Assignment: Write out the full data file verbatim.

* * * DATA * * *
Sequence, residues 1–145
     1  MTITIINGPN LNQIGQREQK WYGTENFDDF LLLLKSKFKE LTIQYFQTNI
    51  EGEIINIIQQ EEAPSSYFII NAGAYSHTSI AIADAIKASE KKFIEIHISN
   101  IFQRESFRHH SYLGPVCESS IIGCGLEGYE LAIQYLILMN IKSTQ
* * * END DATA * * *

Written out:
Sequence, residues 1–145
     1  MTITIINGPN LNQIGQREQK WYGTENFDDF LLLLKSKFKE LTIQYFQTNI
    51  EGEIINIIQQ EEAPSSYFII NAGAYSHTSI AIADAIKASE KKFIEIHISN
   101  IFQRESFRHH SYLGPVCESS IIGCGLEGYE LAIQYLILMN IKSTQ